I have created art with children in preschool and elementary classrooms for the past ten years. Like many artists before me, I only use permanent paint and markers. Each pencil top ends in a metal ferrule, and where the eraser once resided, now a hole remains. Often parents respond in disbelief, “How can you give little children permanent paint? What if they paint and make an error? Or how do you fix a mistake without an eraser?”
The answer is simple; you can’t. The “mistake” or “error” will be there for the teacher to see and for the student to learn from. Fine art is a lot like medicine. Mistakes will be made that cannot be erased and the results of those mistakes provide valuable lessons. We learn so much from our mistakes. The human mind is wired to respond to negative emotions. We can remember failure with great precision, and apply that memory to our current task. The memory of failure need not even be our own error: we can apply the lessons of experience that others teach us and create a better outcome in our art and in our life.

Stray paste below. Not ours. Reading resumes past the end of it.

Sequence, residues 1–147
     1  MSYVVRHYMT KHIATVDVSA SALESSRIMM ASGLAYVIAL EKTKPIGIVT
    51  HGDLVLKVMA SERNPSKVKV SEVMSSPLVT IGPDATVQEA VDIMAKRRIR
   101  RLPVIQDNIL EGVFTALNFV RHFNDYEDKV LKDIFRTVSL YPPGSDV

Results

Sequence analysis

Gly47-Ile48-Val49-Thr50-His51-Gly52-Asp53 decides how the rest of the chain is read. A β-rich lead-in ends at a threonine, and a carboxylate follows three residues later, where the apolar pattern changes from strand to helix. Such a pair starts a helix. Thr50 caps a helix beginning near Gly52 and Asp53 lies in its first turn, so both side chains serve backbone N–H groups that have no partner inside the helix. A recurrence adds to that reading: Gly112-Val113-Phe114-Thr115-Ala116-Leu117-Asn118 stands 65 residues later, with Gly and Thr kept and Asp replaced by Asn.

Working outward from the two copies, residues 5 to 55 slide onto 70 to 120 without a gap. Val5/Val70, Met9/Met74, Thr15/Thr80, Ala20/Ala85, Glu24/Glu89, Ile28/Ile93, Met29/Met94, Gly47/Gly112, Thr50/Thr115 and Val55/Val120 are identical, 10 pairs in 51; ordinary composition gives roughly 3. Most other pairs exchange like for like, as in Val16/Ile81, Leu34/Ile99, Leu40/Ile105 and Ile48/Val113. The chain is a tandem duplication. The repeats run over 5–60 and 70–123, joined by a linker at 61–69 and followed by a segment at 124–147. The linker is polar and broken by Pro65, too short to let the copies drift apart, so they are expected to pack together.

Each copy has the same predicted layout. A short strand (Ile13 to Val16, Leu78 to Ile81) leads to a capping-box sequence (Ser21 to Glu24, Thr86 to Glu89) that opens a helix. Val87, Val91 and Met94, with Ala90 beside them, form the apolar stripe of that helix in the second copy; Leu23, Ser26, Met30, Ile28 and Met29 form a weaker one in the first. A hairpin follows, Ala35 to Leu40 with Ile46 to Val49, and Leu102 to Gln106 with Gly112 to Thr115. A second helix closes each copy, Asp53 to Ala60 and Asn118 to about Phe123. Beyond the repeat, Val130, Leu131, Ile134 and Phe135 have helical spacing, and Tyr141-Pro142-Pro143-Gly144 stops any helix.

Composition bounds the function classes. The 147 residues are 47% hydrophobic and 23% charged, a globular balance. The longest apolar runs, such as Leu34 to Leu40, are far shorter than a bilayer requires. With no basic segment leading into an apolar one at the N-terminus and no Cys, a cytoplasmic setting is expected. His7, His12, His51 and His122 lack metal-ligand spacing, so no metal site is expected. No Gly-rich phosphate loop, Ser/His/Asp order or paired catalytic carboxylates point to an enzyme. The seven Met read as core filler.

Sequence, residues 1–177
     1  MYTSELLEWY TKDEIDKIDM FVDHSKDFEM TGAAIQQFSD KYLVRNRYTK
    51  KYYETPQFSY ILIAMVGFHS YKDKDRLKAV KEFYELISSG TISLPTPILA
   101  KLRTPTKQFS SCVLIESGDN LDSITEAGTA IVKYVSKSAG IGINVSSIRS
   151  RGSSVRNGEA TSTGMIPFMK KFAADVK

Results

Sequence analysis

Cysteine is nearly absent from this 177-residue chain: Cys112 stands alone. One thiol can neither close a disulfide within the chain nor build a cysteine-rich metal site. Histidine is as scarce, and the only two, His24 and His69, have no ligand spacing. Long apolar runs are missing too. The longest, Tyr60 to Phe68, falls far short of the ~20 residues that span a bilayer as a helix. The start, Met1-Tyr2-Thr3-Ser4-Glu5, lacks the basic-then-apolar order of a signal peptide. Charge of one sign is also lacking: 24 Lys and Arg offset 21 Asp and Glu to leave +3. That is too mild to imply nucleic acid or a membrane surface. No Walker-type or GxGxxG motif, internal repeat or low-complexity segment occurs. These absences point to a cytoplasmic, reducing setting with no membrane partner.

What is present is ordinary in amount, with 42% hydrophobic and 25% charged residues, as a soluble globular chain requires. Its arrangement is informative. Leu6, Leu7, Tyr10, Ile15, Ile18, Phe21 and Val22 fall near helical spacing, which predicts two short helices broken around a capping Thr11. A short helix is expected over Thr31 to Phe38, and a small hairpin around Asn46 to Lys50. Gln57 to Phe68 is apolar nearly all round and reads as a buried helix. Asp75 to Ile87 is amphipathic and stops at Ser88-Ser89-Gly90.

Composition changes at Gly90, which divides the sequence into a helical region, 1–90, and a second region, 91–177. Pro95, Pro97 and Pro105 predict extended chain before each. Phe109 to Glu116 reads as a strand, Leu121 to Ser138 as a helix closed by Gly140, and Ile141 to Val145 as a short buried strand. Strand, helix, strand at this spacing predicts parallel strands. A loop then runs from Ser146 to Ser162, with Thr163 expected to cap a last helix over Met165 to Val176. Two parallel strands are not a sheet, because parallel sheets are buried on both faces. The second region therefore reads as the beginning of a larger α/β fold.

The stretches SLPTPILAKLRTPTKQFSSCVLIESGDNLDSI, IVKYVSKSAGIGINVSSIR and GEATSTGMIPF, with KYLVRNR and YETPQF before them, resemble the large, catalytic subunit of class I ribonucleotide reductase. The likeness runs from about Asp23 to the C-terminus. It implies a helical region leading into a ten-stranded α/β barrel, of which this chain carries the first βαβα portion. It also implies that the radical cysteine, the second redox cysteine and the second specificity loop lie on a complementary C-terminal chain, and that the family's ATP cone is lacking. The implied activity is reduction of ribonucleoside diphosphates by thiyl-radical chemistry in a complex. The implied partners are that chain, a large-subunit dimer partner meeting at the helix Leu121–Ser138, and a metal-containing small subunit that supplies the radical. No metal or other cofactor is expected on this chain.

In my class, I can often help a child incorporate a mistake into a work of art. I call them “happy accidents.” I tell the child this is an opportunity to create organic change within his piece. I try to redirect a child away from crumpling up his work and walking away. I help him save whatever is left and his “mistake” becomes part of my teaching strategy from that day forward. I am a teacher; if my students make an error, I must own that. I must re-evaluate the method of instruction and determine if this was a system error.
Yes, there are “happy accidents” in art. Sometimes the art is even better for the error that occurred during creation. But in medicine most accidents are not happy ones, and errors can have horrible ramifications. Yet we still can learn from these tragic occurrences, sometimes called “never events.” The key to using a mistake for greater edification is to embrace the information rather than conceal it.
Not long ago I was perusing videos on the SafetyLeaders.org website and I saw a video interview of Jeanette Ives Erickson, RN, DNP, FAAN. She was talking about mistakes in nursing practice.
I was amazed by one line in her interview. After a nurse makes an error, Dr. Erickson asks her, “Did you commit this error on purpose?” She said that the nurse is taken aback by such a question. When the nurse says no, then Dr. Erickson responds, “Well, then, it is my fault, because errors stem from system flaws.”
I was so excited to see this clip. So many of my friends who work in patient advocacy do so because someone they loved was hurt or died while in a medical care facility. My fellow advocates speak out every day so others will not have to suffer as they did. The have become living examples of system failure. All they ask is that providers listen to and embrace these advocates’ stories.